Chris Knipp Writing: Movies, Politics, Art

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PostPosted: Sun Oct 28, 2012 5:04 pm 
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Stuck between youth and adulthood

François Pirot's directing debut focuses on the uncertain moment between youth and long-delayed adulthood shared by two young Belgians. Twenty-something Simon (Arthur Dupont) has left his job and girlfriend in Liège and is back in his Belgian village living with his parents. In the opening sequence he and his best friend Julien (Guillaume Gouix) get pleasantly drunk in town and struggle home on bikes, laughing all the way, the widescreen images underlining their happy lostness. With confused dreams and nothing to do, Simon persuades Julien to abandon plans to rehab a big barn on his father's property and instead to travel the world with him. He acquires a big "mobile home" camper with with money his parents gave him to settle down with. These two young men are charming and handsome, a cross between Jake Gyllenhaal and Romain Duris. They are foundering though. Pirot did a lot of the writing for two of Joachim Lafosse's films, and he's a talent worth watching. But this is a somewhat negligible effort, though it was critically well received in France.

Most of the focus tends to be on the energetic if totally confused Simon, though there's an important subplot about the relationship between Julien and his father Luc (Jean-Paul Bonnaire). Julien has stayed at home to see Luc through a serious illness, making them very close, and their parting therefore much more difficult than Simon's. Simon doesn't want to try to talk to his parents. He tries to hide from them that he's bought the big expensive camper with the money his dad's given him -- but they find out anyway in a funny chase scene. Their only real question for Simon is "Why?" which of course he can't answer. The pair talk about exotic places, but in the end the goal is only France. Trouble with the camper and the need to earn some money causes delays and uncertainty about departure. Simon, always trying to convince himself, enthuses about the joys of the road. They expect to get seasonal jobs like picking vegetables. His parents point out he would not do that at home.

In their prime, attractive to women, both embark on little affairs, treading water as their departure is delayed. They work digging "root balls," pulling up Christmas trees, paid by the tree, work at which Simon is useless. He takes in a girl still in school, who turns out to be too insecure and too clingy. Julien briefly dates a single mom with a small child. The most touching and telling sequence happens when Simon meets a former friend who's getting a chance to be in pictures, and this leads him to pretend ha can go back to his teenage dream of being a rock star. A little practicing with the old band and a frantic all-night attempt at songwriting and that fizzles. This of course is a cliché but Simon doesn't know that. A pointless visit with his ex-gf Sylvie (Anne-Pascale Clairembourg) only reveals more about his irresponsibility: he has left a ton of stuff with her he was expected to retrieve. In the end her father dumps it all in front of his parents' house and this is an infuriating embarrassment.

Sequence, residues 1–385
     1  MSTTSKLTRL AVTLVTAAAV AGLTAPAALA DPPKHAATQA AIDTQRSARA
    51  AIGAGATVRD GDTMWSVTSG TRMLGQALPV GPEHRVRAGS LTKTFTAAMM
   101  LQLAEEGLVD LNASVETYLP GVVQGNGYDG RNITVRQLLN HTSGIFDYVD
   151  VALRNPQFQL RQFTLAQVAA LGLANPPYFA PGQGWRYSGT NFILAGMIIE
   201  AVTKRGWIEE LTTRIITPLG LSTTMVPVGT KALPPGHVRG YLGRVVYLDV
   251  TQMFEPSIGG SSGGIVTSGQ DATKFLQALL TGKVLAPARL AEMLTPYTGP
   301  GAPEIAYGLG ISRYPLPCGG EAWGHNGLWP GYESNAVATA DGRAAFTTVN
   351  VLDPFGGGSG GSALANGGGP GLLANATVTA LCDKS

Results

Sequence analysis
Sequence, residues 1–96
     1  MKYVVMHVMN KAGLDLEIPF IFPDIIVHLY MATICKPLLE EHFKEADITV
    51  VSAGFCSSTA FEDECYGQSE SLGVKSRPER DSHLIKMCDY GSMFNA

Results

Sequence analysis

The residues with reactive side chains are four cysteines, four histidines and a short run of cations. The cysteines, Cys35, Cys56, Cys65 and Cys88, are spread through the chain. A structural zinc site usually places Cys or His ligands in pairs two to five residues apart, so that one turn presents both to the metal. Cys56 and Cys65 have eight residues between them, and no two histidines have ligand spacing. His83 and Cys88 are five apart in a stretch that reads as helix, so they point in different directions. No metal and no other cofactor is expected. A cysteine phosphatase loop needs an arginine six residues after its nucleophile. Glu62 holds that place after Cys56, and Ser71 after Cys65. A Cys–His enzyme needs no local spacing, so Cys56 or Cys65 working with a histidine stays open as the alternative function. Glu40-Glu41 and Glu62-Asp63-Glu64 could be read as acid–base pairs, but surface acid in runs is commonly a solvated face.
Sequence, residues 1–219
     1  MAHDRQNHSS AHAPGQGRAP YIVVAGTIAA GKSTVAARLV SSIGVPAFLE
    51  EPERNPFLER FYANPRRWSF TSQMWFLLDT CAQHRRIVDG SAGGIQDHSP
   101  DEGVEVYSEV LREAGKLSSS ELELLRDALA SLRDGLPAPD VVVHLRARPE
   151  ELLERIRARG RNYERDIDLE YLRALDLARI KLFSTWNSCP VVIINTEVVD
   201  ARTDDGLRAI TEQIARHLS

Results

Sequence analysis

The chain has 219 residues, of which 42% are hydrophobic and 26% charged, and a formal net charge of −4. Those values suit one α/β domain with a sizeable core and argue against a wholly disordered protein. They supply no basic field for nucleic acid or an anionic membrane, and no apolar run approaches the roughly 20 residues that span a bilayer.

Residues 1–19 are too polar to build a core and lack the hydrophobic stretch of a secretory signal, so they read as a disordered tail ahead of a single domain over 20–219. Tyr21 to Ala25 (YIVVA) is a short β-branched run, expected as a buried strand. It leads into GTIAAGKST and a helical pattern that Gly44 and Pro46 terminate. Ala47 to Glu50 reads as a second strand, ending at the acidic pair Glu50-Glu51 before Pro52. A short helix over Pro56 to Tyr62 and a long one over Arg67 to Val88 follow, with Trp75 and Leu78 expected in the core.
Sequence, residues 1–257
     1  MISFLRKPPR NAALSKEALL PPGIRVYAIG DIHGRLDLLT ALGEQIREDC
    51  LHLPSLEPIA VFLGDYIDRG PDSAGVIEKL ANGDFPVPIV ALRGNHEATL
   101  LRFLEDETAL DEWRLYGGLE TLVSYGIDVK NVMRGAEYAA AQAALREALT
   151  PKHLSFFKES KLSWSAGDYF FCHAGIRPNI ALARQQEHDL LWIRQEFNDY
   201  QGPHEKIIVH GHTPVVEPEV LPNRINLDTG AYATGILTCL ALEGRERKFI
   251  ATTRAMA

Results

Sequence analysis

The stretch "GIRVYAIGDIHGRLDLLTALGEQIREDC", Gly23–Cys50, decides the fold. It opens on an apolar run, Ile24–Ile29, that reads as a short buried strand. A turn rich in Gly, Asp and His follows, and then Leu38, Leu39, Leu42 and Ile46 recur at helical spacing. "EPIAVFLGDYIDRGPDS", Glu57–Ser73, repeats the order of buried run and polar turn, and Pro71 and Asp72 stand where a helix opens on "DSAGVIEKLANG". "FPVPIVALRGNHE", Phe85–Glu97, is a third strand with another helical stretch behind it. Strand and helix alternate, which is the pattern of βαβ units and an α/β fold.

Simon and Julien aren't as self-indulgent as Apatow characters, or as funny; their uncertainty is agonizing and real. This is a simpler, slightly more youthful version of the almost-thirty crisis of the six young men in Gabriele Muccino's The Last Kiss, some of whom also make the decision to go off in a van with shapeless dreams of touring the world in it. Given the much simpler material here it falls to the two main actors to engage our interest, and Gouix and Dupont indeed are engaging and attractive; still it's somewhat surprising that Pirot, who contributed to two of Lafosse's very focused films, would chose such an evanescent theme for his own directorial debut. Mobile Home came out in Belgium and France in August 2012 and the French reviews were favorable (Allociné press rating: 3.5). Though a less positive review noted the scenario was "anemic," the French critics spoke of the film as "beautiful and tender," "finely written," possessed of a "subtlety" about a "delicate moment of life." This may be harder to grasp for English-language viewers, especially since the subtitles on the print screened are of the roughly-made kind, like Eighties Hong Kong ones, that often appear only for milliseconds.

Mobile Home debuted at Locarno and was released in Belgium and France in August 2012. Screened for this review as part of the San Francisco Film Society's French Cinema Now series of October 2012.

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